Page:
FIG. 14 is similar to FIG. 13 showing a further stage of the melting process.

FIG. 15 is similar to FIG. 14 showing all material in the crucible is molten.

FIG. 16 is similar to FIG. 2 showing a third embodiment of the present invention which includes a susceptor disk beneath the crucible.

FIG. 17 is an enlarged fragmentary sectional view of the furnace shown in FIG. 16 wherein the crucible is empty.

FIG. 18 is similar to FIG. 17 showing an initial charge of raw material in the crucible.

FIG. 19 is similar to FIG. 18 showing an initial molten portion of the raw material.

FIG. 20 is similar to FIG. 19 showing a further stage of melting.

FIG. 21 is similar to FIG. 20 showing all of the material in the crucible in a molten state.

FIG. 22 is similar to FIG. 4 showing a fourth embodiment of the induction furnace of the present invention with the melting coil/susceptor disposed within the melting cavity and a feed mechanism like that in FIG. 12.

Similar numbers refer to similar parts throughout the specification.

DETAILED DESCRIPTION OF THE INVENTION

The improved induction furnace of the present invention is shown in four embodiments in the figures although other embodiments are contemplated as is apparent to one of skill in the art. Specifically, the first embodiment of the induction furnace is indicated generally at 100, and is shown in FIGS. 1-3, the second embodiment is indicated generally at 200, and is shown in FIGS. 8-9, the third embodiment is indicated generally at 300, and is shown in FIGS. 16-17 and the fourth embodiment is indicated generally at 400, and is shown in FIG. 22.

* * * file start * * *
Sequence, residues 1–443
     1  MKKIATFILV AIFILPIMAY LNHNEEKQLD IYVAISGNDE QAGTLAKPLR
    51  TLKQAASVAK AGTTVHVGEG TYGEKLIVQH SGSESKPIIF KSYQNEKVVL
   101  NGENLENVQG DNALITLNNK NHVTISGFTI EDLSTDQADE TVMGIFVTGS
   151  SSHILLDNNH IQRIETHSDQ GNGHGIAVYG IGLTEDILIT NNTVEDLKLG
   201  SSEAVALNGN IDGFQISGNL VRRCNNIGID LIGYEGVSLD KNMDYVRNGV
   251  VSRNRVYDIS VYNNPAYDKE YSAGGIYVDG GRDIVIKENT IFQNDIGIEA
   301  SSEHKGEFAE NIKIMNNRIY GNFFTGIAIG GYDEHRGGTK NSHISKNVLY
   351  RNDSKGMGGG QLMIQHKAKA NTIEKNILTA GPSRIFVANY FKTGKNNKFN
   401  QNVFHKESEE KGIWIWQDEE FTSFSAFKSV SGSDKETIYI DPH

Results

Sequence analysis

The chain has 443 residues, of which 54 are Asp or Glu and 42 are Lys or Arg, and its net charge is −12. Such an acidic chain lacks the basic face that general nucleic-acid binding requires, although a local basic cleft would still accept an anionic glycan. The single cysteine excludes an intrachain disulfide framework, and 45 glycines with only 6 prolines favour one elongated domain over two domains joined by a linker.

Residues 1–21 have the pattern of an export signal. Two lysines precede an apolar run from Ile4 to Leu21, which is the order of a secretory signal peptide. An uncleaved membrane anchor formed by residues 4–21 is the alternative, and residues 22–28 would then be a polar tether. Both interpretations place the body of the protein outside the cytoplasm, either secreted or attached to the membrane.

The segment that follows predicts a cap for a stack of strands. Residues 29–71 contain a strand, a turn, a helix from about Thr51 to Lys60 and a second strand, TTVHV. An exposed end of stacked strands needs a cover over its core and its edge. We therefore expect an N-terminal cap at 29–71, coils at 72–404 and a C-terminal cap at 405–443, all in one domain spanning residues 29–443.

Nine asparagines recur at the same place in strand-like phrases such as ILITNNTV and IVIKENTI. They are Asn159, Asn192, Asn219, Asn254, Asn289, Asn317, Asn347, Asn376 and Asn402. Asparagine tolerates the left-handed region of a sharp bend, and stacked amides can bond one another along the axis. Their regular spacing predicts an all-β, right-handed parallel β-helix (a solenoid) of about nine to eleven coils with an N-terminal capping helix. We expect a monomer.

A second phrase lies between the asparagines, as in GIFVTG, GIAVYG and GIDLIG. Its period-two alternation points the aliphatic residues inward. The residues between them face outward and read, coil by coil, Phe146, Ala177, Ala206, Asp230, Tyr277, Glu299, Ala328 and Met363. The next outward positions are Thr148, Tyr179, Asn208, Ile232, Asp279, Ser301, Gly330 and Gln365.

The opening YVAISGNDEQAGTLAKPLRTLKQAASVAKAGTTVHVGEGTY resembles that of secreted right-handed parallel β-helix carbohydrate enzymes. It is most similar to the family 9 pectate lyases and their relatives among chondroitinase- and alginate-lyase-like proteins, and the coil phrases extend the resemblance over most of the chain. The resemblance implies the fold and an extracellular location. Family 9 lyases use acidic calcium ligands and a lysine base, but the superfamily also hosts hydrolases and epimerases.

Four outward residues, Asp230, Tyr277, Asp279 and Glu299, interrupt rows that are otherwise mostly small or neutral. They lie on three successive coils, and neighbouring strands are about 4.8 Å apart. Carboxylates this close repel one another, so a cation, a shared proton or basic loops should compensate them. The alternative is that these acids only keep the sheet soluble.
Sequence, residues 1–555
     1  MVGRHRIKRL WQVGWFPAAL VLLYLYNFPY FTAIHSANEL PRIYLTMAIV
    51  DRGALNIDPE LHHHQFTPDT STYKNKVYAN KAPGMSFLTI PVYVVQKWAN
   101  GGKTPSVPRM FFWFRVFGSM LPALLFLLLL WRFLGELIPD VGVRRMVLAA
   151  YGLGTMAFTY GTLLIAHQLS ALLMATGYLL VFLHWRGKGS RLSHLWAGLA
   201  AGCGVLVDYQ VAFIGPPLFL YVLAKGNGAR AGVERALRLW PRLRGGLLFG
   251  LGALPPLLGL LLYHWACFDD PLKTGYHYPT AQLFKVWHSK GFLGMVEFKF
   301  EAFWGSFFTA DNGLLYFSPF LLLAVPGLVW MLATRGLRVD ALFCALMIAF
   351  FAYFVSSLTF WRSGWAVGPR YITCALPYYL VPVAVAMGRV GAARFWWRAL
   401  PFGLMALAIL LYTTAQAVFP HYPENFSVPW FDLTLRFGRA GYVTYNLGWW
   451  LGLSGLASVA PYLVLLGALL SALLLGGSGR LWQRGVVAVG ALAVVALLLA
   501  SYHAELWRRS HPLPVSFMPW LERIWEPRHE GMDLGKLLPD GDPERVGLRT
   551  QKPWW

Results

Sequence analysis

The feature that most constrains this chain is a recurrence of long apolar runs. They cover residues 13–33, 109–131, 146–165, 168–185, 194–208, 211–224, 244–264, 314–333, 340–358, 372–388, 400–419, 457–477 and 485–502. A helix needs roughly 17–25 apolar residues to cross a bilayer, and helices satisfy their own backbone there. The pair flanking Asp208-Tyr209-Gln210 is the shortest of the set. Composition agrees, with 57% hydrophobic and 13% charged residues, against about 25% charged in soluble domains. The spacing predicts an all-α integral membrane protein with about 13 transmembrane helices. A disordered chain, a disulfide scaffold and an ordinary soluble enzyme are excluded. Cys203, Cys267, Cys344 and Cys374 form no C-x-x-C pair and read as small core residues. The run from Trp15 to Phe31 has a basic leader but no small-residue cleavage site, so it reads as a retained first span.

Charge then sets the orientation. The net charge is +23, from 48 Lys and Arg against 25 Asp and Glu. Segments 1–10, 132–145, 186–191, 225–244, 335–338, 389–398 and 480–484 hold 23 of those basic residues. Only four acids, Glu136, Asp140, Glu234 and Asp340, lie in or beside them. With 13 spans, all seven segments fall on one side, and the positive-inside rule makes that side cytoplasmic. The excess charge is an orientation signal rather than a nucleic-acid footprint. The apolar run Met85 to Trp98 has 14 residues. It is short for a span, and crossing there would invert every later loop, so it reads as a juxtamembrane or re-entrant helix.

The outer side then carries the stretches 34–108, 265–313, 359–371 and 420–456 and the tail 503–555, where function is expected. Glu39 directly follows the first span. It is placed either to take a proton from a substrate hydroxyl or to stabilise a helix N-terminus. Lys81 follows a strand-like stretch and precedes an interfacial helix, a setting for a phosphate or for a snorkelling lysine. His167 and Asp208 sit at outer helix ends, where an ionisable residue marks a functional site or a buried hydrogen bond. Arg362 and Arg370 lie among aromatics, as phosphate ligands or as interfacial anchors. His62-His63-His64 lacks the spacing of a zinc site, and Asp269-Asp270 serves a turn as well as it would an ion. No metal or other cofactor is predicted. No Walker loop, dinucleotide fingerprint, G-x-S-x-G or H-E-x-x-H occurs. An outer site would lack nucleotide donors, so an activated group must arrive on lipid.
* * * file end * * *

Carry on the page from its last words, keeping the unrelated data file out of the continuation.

With reference to FIG. 1, furnace 100 is mounted on a support stand 10 via a support arm 12 extending therefrom, although furnace 100 may be supported by any suitable means. Furnace 100 is disposed above and connected to a standard crystal formation apparatus 16 which contains an interior chamber 18 in which is disposed a receiving crucible or tundish 20. A charge feeder 22 situated above furnace 100 is in communication with a feed port 24 whereby raw material may be fed into furnace 100. As shown in FIGS. 1-2, a power supply 26 is in electrical communication via wires 28 with a preheating induction coil 102 and a melting induction coil 104. Power supply 26 may also be in electrical communication via wires 30 with a melting coil 130.

With reference to FIG. 2, a double-walled heating container 106 defines an interior chamber 108 which is divided into a preheat zone 110 and a melting zone 112 there below. A preheating assembly 114 is disposed within preheat zone 110 and includes a cylindrical susceptor 116 disposed within preheating induction coil 102 and a preheat tube 118 disposed within susceptor 116 and closely adjacent or in abutment with susceptor 116. Preheat tube 118 defines an interior chamber 120 for receiving raw material 122 from feed port 24 for preheating the raw material. A feed mechanism 124 includes a control arm 126 with a valve 128 at the terminal end thereof. Valve 128 is selectively seated in exit opening 129 formed in the lower end of preheat tube 118. Furnace 100 further defines a quiescent zone 131 below preheat assembly 114, as detailed further below.